Poetry and the Age
by RANDALL JARRELL
$24.95 List Price
Poetry has been obscure as long as Vikings have worn helmets and emperors have worn nothing. This is not terribly surprising. Poetry is language refracted, metaphor tuned to an inner music. And ever since the nineteenth century, when the novel brought reading to the masses, most of us have preferred to read prose. Still, every few generations, a shiver of anxiety ripples through the literate world that poetry has become too obscure—that it has retreated to its palace yard, content to be fanned by courtesans and eunuchs. In rush the diplomats, armed with arguments and lances, determined to coax poetry back into the public sphereto redefine its role, so it can speak to us all, or at least a greater few.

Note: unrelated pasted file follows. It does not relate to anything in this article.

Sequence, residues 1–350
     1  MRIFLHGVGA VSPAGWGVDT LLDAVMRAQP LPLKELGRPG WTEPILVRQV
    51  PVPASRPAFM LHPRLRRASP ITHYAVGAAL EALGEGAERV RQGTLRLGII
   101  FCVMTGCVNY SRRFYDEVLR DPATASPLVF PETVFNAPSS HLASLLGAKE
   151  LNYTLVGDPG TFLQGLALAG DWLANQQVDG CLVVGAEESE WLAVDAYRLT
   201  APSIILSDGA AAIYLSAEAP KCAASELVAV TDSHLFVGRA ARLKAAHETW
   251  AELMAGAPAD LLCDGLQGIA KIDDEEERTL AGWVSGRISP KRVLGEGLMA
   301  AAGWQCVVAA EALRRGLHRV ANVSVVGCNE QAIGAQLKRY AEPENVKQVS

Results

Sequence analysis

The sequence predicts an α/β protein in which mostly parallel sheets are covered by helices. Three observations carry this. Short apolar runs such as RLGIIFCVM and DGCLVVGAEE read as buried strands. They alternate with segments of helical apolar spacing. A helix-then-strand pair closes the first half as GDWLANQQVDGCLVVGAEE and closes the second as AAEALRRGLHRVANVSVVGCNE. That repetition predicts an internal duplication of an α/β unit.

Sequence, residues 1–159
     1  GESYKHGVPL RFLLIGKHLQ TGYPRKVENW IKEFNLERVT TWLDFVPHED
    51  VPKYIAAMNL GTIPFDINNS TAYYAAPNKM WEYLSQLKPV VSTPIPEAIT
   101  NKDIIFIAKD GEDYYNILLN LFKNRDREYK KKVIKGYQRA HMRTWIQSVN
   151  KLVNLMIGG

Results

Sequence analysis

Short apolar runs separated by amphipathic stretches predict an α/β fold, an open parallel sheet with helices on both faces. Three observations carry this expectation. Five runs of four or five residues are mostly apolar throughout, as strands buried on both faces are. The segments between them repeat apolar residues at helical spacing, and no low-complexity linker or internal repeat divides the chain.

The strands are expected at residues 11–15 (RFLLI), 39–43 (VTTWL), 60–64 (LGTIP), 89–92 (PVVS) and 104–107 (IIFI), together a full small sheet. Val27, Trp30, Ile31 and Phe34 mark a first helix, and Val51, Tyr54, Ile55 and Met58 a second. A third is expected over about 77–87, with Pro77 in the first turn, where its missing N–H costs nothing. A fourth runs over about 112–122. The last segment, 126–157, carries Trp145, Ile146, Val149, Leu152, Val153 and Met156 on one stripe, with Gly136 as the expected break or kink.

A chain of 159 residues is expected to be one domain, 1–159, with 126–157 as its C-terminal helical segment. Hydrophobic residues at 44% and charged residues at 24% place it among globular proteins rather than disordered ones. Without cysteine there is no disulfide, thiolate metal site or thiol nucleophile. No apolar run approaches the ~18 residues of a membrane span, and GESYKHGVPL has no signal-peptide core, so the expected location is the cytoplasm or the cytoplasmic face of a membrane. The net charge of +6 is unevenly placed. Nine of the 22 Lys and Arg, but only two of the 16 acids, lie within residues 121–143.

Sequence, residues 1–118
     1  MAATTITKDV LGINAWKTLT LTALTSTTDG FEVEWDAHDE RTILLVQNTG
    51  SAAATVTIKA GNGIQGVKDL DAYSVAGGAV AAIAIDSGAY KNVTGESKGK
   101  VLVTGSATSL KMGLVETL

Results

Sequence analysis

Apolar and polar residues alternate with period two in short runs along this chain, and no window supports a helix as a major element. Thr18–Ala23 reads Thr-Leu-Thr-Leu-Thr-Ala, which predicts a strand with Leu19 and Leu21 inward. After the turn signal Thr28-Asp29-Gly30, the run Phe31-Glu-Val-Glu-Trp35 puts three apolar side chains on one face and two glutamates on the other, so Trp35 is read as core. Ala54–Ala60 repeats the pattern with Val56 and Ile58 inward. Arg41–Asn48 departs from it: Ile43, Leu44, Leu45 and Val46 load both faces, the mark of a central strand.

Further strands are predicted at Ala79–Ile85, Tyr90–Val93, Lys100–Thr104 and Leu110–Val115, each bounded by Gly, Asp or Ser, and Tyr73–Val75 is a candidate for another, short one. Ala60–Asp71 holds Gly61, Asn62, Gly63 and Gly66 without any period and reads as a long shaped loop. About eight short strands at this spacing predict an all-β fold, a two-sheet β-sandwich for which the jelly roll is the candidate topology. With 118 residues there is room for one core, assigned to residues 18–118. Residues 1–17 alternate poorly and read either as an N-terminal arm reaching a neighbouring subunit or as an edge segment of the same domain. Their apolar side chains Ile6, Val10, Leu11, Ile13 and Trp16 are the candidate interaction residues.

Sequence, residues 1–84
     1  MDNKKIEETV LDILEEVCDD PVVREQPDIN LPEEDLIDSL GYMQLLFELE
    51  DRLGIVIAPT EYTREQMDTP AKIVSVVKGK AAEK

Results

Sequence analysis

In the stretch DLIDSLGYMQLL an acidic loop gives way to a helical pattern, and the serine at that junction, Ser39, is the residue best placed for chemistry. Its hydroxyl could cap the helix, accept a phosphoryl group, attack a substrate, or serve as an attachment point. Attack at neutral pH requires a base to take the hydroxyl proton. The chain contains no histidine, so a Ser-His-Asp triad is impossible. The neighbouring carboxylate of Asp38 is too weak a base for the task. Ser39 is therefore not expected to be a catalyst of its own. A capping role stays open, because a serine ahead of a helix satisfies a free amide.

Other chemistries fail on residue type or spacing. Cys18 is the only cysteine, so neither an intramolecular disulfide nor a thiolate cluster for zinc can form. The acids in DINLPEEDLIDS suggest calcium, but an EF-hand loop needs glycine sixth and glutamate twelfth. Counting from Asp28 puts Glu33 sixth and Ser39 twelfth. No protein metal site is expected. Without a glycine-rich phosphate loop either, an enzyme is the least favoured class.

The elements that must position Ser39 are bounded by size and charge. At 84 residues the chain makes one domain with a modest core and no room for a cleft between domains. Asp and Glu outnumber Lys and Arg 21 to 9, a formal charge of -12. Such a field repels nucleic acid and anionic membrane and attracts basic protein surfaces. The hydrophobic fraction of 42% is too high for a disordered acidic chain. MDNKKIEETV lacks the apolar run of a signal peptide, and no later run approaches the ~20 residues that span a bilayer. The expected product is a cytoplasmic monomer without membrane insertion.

We are living at the apex of one of these moments. Every few months, the National Endowment for the Something
… full text available to registered users